Publication Type:Journal Article
Source:Environment and Behavior, Volume 27, Number 5, p.699-718 (1995)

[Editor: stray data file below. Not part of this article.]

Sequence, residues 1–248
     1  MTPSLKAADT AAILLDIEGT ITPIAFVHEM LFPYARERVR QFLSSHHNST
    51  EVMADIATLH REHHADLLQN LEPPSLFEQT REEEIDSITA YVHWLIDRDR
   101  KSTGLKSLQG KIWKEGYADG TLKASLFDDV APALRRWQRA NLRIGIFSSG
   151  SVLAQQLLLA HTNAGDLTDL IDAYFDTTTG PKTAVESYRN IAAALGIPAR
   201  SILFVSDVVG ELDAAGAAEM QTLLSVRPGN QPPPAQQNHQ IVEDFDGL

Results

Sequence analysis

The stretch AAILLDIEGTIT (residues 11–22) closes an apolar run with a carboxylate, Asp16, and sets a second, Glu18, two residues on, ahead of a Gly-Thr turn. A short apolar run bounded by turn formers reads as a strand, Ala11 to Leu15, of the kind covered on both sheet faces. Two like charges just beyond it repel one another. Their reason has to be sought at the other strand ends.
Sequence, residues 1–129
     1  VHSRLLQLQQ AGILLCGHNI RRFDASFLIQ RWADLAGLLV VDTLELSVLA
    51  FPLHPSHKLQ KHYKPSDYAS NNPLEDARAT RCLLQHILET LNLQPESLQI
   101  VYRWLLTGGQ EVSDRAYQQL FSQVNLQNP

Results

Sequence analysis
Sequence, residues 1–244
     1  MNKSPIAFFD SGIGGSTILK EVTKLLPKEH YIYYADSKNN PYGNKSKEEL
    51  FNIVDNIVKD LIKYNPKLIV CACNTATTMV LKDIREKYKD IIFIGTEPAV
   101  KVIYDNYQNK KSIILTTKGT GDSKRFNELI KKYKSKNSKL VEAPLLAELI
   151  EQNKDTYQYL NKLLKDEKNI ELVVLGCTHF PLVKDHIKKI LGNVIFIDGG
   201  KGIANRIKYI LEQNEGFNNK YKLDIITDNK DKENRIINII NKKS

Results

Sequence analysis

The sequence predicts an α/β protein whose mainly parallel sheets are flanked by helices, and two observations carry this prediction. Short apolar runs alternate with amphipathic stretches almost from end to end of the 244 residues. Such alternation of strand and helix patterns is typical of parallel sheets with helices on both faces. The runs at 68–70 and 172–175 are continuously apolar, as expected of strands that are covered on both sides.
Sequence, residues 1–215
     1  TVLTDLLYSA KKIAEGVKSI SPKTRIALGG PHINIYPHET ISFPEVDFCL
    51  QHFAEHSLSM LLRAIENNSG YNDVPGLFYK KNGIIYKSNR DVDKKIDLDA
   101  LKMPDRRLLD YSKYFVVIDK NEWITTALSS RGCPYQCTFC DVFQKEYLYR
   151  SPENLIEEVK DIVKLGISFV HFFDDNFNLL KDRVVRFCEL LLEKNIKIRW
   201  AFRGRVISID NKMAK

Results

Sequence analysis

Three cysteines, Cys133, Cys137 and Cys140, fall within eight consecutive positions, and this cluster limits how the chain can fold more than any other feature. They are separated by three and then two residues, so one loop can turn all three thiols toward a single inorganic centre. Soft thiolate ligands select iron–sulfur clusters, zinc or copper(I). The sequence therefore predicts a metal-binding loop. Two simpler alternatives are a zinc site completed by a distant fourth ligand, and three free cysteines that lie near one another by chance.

A simple model was tested in which attitudinal factors and external conditions act in combination to influence behavior. The model predicts that behavior is a monotonic function of attitudes and external conditions and that the strength of the attitude-behavior relationship is a curvilinear function of the strength of the external conditions, with extreme values setting boundary conditions on the applicability of attitude models. The model also allows for interactions in which perceived costs enter into the attitudinal process. Evidence is taken from a natural experiment in recycling in which collection bins for curbside pickup had been provided to 26% of 257 survey respondents. Consistent with the model, main effects of attitudes and external conditions were found, as was an interaction effect in which the Schwartz norm-activation model predicted recycling behavior only for households without bins. Interactive models such as the one developed here can yield better policy-relevant analyses by clarifying the relationships between external and internal influences on behavior change.